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Shake your Salt Habit

Salt Awareness Week runs from 10 to 16 March. Here’s how you can cut back on your salt intake and reduce your risk for heart disease

 

 

South Africans have one of the highest rates of hypertension (high blood pressure) worldwide, and almost one in three South Africans (15 years and older) are believed to be living with high blood pressure, making them more susceptible to life-threatening illnesses like stroke and heart disease. At least 10 people will suffer a stroke and five people will have a heart attack every hour in South Africa, says the Heart and Stroke Foundation (HSF).

 

A staggering 80% of these cardiovascular diseases could be prevented through modified behaviour – like reducing salt. ‘Many South Africans know that too much salt is not good for their health but they don’t know that it is actually killing them,’ warns Dr Vash Mungal-Singh, CEO of the Heart and Stroke Foundation South Africa. On average, South Africans are consuming more than double the recommended daily amount of salt – which should be no more than 5g (1 tsp) from all sources of food. By lowering salt intake in South Africa an estimated 4 300 non-fatal strokes can be prevented.

 

About 55% of the salt we eat is hidden in processed foods. This Salt Awareness Week, which runs from 10th to 16th March, the HSF encourages the public to ‘switch the salt’ and to start making a conscious choice to choose products with less salt.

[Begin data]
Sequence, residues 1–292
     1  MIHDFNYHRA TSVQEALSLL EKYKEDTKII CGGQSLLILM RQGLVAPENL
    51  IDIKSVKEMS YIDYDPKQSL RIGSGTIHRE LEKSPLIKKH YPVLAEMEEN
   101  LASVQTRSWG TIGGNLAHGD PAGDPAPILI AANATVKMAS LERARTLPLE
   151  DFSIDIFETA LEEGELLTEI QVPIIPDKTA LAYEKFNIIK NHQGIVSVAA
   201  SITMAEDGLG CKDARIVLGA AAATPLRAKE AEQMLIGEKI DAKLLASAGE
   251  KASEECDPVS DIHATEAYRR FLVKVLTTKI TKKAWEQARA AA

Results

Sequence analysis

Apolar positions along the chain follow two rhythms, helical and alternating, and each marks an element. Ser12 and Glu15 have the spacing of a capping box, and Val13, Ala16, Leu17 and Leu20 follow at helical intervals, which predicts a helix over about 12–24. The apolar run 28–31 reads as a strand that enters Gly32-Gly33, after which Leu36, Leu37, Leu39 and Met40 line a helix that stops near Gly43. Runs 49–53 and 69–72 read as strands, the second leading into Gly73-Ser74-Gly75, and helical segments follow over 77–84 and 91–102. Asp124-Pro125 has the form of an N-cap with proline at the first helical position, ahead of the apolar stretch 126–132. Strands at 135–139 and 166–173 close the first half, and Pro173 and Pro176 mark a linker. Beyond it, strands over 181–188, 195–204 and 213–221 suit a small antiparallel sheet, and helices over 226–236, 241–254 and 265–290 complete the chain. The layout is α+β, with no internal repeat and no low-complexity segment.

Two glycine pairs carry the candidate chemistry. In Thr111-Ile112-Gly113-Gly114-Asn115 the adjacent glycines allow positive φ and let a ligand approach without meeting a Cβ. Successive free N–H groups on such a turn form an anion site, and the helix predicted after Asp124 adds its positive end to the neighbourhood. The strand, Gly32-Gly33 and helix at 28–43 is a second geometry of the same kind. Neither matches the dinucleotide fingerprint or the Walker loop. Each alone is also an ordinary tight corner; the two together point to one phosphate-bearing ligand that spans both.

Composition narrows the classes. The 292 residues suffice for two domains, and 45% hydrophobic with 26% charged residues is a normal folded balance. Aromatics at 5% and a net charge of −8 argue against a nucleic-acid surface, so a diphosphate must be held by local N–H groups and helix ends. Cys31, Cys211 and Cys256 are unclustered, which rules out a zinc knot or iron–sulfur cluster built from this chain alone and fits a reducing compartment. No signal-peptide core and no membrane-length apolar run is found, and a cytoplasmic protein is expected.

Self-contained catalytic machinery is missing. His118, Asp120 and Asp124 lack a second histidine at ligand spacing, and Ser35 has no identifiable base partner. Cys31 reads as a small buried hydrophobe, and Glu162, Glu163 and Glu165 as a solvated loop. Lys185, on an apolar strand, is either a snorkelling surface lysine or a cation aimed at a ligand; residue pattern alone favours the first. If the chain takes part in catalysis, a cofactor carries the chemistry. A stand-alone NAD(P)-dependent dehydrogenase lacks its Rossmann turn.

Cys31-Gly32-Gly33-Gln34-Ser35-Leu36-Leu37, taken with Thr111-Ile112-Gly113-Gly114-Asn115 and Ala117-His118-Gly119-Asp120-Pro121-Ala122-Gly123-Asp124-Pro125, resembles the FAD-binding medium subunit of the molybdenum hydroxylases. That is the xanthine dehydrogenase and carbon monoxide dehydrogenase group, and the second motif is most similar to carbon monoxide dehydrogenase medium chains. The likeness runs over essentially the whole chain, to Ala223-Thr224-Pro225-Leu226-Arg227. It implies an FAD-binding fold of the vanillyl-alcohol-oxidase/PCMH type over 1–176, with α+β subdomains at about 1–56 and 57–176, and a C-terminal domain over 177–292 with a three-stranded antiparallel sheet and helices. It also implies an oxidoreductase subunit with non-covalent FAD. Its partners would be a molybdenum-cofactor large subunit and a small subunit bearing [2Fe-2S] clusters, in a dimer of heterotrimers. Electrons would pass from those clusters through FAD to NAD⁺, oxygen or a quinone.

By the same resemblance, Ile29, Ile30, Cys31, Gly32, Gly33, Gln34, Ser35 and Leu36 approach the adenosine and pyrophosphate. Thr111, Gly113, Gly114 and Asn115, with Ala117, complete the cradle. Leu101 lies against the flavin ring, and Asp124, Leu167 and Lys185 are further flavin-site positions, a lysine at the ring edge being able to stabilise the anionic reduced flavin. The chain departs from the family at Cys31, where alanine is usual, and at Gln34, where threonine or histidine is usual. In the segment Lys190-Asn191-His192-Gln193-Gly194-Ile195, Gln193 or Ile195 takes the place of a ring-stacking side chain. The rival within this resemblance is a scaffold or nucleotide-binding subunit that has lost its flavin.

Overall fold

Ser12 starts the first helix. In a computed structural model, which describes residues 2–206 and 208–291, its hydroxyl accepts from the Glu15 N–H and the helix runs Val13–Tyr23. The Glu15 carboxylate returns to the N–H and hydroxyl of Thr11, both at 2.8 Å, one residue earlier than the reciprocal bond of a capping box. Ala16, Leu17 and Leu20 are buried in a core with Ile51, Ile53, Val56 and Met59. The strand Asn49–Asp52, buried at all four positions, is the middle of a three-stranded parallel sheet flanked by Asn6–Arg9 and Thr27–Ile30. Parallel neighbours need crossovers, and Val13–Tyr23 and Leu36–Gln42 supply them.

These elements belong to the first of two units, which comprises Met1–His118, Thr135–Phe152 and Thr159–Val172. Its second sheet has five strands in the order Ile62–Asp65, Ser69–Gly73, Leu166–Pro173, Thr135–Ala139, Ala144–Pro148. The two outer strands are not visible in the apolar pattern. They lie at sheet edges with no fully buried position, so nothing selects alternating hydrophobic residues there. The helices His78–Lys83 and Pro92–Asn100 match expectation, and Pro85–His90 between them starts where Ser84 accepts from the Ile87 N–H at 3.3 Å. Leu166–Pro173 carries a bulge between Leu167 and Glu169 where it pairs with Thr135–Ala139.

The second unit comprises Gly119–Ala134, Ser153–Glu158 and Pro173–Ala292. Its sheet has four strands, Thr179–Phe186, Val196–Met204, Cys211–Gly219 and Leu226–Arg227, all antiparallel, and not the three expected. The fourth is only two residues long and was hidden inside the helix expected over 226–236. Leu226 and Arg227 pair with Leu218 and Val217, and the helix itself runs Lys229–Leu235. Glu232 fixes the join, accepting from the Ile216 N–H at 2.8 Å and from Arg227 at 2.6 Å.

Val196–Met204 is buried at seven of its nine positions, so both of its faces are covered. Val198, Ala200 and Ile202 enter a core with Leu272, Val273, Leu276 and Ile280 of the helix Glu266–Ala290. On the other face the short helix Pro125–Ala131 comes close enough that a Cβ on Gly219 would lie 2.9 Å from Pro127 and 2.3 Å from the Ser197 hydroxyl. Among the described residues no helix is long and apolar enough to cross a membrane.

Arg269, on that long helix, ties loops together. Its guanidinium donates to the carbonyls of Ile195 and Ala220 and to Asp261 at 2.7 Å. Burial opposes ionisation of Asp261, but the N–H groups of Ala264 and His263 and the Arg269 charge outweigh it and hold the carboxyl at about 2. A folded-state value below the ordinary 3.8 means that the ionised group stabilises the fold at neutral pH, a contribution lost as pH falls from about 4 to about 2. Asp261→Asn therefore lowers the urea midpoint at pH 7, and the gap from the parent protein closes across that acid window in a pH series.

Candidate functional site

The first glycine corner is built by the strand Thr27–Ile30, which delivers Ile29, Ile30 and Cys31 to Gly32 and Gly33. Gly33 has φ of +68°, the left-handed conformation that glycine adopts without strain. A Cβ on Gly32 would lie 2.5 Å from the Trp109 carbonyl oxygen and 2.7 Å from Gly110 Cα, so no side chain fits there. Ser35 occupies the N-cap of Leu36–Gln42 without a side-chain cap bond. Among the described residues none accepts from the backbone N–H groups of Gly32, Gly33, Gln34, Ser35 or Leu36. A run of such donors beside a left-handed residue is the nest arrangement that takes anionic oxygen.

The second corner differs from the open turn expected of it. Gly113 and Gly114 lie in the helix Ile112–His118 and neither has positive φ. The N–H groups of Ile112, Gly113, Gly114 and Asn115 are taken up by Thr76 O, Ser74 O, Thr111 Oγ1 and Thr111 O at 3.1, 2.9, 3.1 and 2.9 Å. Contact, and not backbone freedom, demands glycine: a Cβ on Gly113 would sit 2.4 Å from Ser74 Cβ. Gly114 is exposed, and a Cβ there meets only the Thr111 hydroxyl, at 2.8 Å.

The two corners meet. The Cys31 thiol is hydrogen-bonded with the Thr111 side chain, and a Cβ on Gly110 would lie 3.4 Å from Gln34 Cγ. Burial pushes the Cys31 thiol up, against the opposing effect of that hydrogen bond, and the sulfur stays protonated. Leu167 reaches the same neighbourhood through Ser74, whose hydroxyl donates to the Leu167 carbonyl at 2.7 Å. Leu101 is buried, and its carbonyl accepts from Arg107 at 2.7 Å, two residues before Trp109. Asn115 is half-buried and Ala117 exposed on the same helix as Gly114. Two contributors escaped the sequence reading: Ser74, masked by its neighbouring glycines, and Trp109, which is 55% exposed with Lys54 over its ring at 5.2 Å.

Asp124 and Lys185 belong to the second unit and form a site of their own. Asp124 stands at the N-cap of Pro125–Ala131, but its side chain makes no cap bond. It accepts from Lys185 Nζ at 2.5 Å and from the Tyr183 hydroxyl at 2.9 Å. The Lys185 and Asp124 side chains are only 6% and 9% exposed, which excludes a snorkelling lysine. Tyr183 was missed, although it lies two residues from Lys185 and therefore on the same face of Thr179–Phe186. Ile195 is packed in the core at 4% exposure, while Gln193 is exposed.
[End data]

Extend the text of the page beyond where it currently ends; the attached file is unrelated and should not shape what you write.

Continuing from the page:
‘We need to look out for high-salt foods and buy alternatives instead’, explains Dr Mungal-Singh. Start by reading food labels carefully – if a product has more than 600mg of sodium (the element in salt that causes raised blood pressure) per 100g of the product, it is high in salt and should be avoided. Compare the sodium content for different products to choose the one with the lowest amount of salt.

 

In March 2013, the Minister of Health, Dr Aaron Motsoaledi, signed legislation to reduce salt levels in certain foodstuffs. This makes South Africa the first country globally to legislate salt levels to help reduce the amount of salt that the public takes in from processed foods.

 

 

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